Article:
Pure economics and an unwillingness to invest in older fabs made the GPU a first class citizen in Intel silicon terms, but Intel management still didn’t have the motivation to dedicate more die area to the GPU. That encouragement would come externally, from Apple.

Looking at the past few years of Apple products, you’ll recognize one common thread: Apple as a company values GPU performance. As a small customer of Intel’s, Apple’s GPU desires didn’t really matter, but as Apple grew, so did its influence within Intel. With every microprocessor generation, Intel talks to its major customers and uses their input to help shape the designs. There’s no sense in building silicon that no one wants to buy, so Intel engages its customers and rolls their feedback into silicon. Apple eventually got to the point where it was buying enough high-margin Intel silicon to influence Intel’s roadmap. That’s how we got Intel’s HD 3000. And that’s how we got here.

Haswell GPU Architecture & Iris Pro
POST A COMMENT

169 Comments

View All Comments

  • tviceman - Saturday, June 01, 2013 - link

    I'll bet notebooks with mid-range quad core CPU's and gt 750m discrete graphics will be cheaper than notebooks with Iris Pro enabled iGPU graphics as well. The only benefit would be a slightly slimmer chassis and battery life. Anyone who still wants to game on a notebook is noticeably better off with a mid-range discrete GPU over this. Reply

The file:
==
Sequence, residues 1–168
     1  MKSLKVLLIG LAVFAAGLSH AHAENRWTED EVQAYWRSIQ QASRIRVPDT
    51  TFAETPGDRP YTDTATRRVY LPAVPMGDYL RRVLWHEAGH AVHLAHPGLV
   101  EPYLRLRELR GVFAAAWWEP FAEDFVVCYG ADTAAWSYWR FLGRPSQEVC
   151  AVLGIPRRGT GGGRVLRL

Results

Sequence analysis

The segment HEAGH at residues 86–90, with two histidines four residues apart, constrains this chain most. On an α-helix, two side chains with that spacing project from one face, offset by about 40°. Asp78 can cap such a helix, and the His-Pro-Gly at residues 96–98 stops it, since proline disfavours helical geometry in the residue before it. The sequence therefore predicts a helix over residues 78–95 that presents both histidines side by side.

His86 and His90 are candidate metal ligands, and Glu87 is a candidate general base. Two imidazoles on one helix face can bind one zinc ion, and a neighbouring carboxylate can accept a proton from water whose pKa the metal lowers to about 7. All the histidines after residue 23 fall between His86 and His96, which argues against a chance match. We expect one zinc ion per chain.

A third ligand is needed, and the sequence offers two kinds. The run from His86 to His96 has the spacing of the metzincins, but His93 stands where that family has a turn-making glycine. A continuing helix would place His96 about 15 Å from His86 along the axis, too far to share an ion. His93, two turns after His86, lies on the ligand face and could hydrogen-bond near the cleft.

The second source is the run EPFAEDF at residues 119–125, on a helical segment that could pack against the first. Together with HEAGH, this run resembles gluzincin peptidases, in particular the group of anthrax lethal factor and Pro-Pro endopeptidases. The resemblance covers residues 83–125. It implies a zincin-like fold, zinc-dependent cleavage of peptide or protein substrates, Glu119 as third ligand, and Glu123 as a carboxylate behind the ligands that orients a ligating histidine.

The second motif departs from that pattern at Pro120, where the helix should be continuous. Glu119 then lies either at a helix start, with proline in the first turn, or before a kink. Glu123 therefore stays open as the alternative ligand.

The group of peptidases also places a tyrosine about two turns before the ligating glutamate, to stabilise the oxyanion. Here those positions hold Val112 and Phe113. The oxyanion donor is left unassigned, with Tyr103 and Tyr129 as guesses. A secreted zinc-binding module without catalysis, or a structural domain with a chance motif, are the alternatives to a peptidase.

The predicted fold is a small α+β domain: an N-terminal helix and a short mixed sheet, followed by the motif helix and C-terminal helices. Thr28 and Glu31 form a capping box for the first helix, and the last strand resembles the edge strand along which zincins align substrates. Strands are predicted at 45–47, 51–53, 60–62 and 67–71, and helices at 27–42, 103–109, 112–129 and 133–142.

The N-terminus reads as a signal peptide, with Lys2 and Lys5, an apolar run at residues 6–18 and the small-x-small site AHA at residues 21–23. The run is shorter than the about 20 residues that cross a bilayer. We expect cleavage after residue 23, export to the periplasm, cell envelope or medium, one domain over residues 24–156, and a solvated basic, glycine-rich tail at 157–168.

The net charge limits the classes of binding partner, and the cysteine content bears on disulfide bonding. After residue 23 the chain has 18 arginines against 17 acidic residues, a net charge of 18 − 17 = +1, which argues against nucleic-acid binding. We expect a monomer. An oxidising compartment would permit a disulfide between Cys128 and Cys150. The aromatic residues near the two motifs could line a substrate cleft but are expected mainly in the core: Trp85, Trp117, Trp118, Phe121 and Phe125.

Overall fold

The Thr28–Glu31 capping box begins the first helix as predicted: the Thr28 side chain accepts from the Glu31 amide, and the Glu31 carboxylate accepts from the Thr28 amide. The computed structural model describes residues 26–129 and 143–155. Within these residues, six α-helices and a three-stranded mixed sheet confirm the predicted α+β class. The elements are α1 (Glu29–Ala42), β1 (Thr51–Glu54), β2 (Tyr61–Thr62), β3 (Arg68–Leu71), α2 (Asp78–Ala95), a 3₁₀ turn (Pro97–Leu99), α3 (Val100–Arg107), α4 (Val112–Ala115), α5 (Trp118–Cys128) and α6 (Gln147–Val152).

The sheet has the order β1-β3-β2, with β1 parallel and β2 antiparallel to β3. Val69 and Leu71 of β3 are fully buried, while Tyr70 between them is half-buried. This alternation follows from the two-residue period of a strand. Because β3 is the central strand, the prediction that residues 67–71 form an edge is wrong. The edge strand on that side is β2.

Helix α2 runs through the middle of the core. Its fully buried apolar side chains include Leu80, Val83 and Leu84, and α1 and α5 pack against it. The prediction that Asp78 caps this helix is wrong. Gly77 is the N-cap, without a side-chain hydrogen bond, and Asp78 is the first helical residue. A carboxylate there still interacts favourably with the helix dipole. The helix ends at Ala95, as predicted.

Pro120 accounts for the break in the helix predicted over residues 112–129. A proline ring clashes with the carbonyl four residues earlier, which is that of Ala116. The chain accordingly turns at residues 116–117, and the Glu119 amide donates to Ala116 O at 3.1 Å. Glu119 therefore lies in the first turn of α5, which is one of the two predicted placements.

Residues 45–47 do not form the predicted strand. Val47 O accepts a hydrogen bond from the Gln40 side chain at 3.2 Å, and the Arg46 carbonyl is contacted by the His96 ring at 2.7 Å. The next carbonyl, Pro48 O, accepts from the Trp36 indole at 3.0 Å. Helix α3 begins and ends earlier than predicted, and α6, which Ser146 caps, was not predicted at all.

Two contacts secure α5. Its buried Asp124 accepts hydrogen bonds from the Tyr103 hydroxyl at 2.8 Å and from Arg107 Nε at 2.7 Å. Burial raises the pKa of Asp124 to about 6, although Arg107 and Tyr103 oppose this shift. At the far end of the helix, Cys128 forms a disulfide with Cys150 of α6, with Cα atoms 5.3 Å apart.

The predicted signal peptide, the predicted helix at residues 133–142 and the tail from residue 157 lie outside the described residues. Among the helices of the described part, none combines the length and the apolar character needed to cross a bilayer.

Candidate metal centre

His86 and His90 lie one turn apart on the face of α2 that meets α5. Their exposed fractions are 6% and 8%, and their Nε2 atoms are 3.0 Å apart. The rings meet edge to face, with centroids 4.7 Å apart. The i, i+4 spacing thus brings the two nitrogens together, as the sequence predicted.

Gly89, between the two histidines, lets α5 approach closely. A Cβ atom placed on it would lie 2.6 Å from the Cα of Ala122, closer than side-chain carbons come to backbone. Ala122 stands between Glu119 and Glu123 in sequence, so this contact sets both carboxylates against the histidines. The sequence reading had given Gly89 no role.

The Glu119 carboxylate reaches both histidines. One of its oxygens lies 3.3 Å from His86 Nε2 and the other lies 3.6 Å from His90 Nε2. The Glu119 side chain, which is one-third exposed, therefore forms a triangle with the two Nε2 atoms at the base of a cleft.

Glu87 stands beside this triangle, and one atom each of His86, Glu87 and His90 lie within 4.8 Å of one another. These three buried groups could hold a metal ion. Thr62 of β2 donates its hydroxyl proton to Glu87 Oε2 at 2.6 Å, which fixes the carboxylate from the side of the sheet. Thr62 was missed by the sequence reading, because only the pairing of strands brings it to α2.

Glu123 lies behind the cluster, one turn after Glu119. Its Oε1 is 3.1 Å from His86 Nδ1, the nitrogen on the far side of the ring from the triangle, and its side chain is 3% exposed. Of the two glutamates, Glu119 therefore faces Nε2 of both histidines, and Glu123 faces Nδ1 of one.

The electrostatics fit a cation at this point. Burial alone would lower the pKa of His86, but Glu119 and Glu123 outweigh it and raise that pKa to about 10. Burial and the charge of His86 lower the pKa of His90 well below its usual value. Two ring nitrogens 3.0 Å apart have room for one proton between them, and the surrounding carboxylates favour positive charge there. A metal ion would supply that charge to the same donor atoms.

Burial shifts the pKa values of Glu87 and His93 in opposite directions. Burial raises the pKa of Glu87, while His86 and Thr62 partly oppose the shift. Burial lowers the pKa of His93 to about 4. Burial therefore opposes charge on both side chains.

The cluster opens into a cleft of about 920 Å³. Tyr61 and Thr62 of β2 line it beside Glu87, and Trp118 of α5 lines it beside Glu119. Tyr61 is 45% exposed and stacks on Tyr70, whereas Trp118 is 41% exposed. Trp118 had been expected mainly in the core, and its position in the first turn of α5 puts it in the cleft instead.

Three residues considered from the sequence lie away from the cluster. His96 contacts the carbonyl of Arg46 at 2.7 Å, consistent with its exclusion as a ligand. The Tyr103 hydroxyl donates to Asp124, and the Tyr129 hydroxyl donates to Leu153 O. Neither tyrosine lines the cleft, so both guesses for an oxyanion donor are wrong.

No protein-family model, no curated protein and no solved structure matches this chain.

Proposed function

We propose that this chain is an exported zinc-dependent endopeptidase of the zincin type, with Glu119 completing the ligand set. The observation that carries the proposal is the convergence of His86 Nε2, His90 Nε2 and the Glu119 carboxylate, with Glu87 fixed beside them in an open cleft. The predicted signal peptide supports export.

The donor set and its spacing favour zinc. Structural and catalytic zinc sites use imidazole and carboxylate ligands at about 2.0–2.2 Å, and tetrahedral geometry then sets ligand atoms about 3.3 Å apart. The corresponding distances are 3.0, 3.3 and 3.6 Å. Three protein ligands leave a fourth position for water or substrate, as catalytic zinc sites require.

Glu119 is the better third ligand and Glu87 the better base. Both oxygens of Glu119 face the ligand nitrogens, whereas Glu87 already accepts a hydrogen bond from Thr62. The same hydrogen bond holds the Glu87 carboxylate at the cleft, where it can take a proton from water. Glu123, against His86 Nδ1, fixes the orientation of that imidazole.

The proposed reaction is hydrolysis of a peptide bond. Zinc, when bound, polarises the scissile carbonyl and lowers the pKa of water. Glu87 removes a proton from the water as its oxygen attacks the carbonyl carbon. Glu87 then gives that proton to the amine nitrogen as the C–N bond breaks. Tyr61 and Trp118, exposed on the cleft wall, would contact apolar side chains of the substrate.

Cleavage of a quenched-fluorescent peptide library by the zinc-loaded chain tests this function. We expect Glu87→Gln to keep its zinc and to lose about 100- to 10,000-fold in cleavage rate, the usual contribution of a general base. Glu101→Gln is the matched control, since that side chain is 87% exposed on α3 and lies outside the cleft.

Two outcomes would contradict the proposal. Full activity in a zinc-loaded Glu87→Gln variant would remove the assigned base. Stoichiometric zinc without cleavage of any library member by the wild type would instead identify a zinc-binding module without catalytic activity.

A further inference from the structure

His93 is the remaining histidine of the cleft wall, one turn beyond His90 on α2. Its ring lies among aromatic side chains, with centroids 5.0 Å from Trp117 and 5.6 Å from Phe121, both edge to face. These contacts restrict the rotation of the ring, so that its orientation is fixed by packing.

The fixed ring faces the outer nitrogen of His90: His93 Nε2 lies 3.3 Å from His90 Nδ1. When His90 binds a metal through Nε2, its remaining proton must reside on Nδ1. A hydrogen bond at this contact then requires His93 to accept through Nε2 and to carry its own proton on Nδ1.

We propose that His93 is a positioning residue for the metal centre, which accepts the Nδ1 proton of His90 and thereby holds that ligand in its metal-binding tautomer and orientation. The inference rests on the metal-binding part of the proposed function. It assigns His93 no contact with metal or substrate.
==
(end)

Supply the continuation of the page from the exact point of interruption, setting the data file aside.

• esterhasz - Saturday, June 01, 2013 - link

    On page four, the ominous launch partner is not "keen" rather than "key", I guess. I'd be very keen on having that rMBP 13" with IP5200, though. Reply
  • Ryan Smith - Saturday, June 01, 2013 - link

    Noted and fixed. Thank you. Reply
  • tipoo - Saturday, June 01, 2013 - link

    I'm very much in that boat too, a quad core 13" rMBP with Iris Pro would put it over the top. Reply
  • MattVincent - Wednesday, June 12, 2013 - link

    totally agree. I wonder if apple will actually put a quad core in the 13" though. I bet they would rather sell more 15" rmbp's Reply
  • jeffkibuule - Saturday, June 01, 2013 - link

    Would a 47W chip be able to fit into a normal 13" Ultrabook-like chassis like the 13" MacBook Pro with Retina Display? Only an extra 12W TDP to deal with. Reply
  • esterhasz - Saturday, June 01, 2013 - link

    This would be awesome and we have to remember that the 47W TDP includes voltage regulation moving off the MB, so the gap is maybe only 8W. The 47 TDP also refers to both CPU and GPU running at full speed, which is an extremely rare scenario - in gaming, the CPU load will probably hover at 50% only.

    In any case, if the tested model goes into a rMBP 13" I'm going to buy it before Tim Cook has left the stage.
    Reply
  • nofumble62 - Saturday, June 01, 2013 - link

    Thinking to buy a Ivybridge Mac Book Pro for my wife, I guess she will have wait a little longer for this baby. I wish they could fit in a Mac Book Air. Reply
  • jeffkibuule - Saturday, June 01, 2013 - link

    Look at the price of those chips though, you're going to be dropping at least $2000 on such a laptop when the CPU alone is $478. Reply
  • tipoo - Saturday, June 01, 2013 - link

    I really hope so, the Retina Macbook Pro 13" would get a whole lot more appealing with quad core and Iris Pro. Reply

Log in

Don't have an account? Sign up now